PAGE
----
In addition, there are a few curious things that don't obviously arise from the above constraints:
- Liquid and gaseous water is transparent at the same wavelengths that long-lived stars are brightest.
- Nuclear reactions in stars make lots of carbon, but do not easily convert carbon into heavier elements.

"Astronomy leads us to a unique event, a universe which was created out of nothing, one with the very delicate balance needed to provide exactly the conditions required to permit life, and one which has an underlying (one might say "supernatural") plan."
-- Arno Penzias, cosmologist

"At whatever level we examine the building blocks of life -- electrons, nucleons, atoms, or molecules -- the physics of the universe must be very meticulously fine-tuned. The universe ... must be exquisitely crafted to produce he protons and neutrons required. ... Such precise balancing of all these factors is truly beyond our ability to comprehend."
-- Hugh Ross, The Creator and the Cosmos

Possible worldview explanations for fine-tuning:
Blind coincidence -- no reason, it just happens to be that way (unsatisfying).
Anthropic principle -- if universe wasn't this way, we wouldn't be here to study it. But this doesn't explain why the universe is exactly this way (unsatisfying).
Divine design -- God foresaw the whole system, and designed the universe to produce complex life.
Unknown scientific mechanism --ex. The theory of inflation may explain some fine-tuning, but not all.

Further reading on fine-tuning: The Creation and the Cosmos, by Hugh Ross, gives a detailed list of physical parameters and laws that seem fine-tuned to produce the building blocks for life. Keep in mind, however, that Ross assumes all the parameters are independent when they are in fact related. We don't agree with the extreme form of his argument, that Earth is the only place in the universe where life could happen, or that the evidence for fine-tuning proves the existence of God.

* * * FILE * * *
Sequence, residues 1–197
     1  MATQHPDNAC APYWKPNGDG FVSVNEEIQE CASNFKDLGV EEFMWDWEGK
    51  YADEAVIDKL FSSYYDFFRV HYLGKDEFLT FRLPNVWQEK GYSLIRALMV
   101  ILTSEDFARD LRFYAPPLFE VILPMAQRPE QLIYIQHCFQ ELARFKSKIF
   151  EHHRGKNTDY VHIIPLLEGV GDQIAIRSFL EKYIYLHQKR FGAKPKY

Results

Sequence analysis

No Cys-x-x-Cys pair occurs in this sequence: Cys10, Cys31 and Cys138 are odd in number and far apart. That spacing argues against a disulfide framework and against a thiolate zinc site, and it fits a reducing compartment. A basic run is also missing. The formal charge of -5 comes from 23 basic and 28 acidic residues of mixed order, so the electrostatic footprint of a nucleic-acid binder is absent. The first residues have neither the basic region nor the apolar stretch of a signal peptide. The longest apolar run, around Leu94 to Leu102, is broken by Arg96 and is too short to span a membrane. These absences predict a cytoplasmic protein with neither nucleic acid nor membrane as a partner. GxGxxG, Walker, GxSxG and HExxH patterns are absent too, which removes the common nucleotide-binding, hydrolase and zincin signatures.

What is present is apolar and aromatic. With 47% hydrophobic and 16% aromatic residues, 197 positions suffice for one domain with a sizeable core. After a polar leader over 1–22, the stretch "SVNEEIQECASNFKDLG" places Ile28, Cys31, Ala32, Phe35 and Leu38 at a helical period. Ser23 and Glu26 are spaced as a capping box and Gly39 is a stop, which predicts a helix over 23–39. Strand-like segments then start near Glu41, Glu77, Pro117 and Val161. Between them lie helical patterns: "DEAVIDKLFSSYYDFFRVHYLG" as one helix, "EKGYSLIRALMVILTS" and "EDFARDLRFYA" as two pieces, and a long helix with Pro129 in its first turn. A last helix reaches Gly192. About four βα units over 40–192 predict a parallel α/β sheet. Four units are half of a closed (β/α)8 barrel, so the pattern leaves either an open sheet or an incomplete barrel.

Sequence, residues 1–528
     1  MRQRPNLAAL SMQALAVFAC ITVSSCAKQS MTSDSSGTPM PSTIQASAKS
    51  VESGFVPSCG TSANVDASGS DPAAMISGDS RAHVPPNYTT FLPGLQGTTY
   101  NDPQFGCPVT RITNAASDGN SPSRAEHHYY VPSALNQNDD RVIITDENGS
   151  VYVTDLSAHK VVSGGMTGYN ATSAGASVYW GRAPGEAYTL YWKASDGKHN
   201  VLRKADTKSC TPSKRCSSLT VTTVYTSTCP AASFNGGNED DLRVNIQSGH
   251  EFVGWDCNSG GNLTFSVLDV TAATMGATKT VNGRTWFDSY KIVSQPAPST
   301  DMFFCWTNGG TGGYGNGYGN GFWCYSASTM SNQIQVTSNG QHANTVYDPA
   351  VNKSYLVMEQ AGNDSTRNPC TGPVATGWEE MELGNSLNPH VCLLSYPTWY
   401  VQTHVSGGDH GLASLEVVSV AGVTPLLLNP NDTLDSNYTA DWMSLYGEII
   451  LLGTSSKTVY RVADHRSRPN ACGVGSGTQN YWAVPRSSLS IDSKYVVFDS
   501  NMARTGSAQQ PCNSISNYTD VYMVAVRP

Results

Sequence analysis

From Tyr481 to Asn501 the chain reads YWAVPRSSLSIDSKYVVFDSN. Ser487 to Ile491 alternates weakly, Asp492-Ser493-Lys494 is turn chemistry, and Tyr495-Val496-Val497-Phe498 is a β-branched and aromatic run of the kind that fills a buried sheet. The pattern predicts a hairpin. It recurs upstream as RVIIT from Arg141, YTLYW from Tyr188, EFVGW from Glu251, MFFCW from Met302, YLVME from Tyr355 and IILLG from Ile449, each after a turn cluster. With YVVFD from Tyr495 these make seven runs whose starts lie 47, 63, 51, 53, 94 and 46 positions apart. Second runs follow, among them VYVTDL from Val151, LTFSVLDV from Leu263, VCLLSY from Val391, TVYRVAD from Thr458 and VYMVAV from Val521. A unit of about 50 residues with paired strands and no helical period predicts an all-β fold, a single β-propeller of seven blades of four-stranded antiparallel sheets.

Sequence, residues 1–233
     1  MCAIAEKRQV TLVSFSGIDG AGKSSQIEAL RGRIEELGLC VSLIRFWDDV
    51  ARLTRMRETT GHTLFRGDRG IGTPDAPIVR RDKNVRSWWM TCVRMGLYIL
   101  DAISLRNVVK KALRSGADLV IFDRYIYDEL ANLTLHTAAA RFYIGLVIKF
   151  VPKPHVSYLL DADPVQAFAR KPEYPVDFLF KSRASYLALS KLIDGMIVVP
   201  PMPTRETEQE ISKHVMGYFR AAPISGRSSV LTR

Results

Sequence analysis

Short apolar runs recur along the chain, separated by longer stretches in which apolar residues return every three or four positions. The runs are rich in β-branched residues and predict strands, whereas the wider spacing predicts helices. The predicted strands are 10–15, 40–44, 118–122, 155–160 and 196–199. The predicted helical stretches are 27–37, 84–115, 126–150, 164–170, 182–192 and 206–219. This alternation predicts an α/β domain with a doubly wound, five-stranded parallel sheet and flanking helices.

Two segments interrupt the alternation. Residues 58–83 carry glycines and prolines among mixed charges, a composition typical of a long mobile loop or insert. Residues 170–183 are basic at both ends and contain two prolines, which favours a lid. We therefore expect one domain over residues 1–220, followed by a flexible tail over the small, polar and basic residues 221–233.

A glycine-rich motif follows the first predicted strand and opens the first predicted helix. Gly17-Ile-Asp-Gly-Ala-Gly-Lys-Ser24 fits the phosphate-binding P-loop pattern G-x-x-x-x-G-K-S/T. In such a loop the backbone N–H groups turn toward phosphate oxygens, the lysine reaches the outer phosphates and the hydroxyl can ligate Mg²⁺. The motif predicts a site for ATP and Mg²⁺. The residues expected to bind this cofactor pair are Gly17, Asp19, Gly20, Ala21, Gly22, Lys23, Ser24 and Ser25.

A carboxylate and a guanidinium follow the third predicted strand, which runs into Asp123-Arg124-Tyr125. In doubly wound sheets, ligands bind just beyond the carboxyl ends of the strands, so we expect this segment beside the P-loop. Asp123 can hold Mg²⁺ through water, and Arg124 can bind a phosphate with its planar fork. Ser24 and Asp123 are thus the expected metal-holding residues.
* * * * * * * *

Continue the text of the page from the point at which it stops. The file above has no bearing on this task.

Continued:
Are humans insignificant in the vast cosmos?

The scientific evidence:
Humans are made from stardust: all the atoms in our bodies except hydrogen were produced in stars that later exploded in supernovae.
Humans are very young: human recorded history is about one millionth the time of the universe.
Humans are VERY small: the observable universe is 1026 times larger than a human being
Humans are probably not alone: there are about 10 billion galaxies in the observable universe, with about 10 billion stars each. It seems likely that intelligent life has happened elsewhere.
It will all end someday: Our current theories predict that either the universe will ultimately collapse on itself, or that it will expand forever with all matter merging into black holes.

Science IS saying something here that needs to affect our worldview, we can't just ignore it.

The materialist response:

The First Ten Million Millennia or So
Don L. Anderson

In the "beginning," nothing
No time, no space, no matter.
No energy, no strings
nothing.
not even a point, not even a void
nothing

No laws of physics
no myths, no gods;
nothing, absolutely nothing

Then, a singularity ...
Call it a bang, call it a Big Bang, call it light, call it God.
Perhaps a thought.
In the beginning, the Laws of Logic begat the Laws of Physics.
The rules.
From Nothing, expansion,
false vacuums, phase changes, beginning of time, and space.
Potential for something, Everything.
Energy, potential.
Waves, strings;
vibrating strings
monopoles, sheets, threads
webs.

From the void, chaos
out of vacuum, Genesis.
...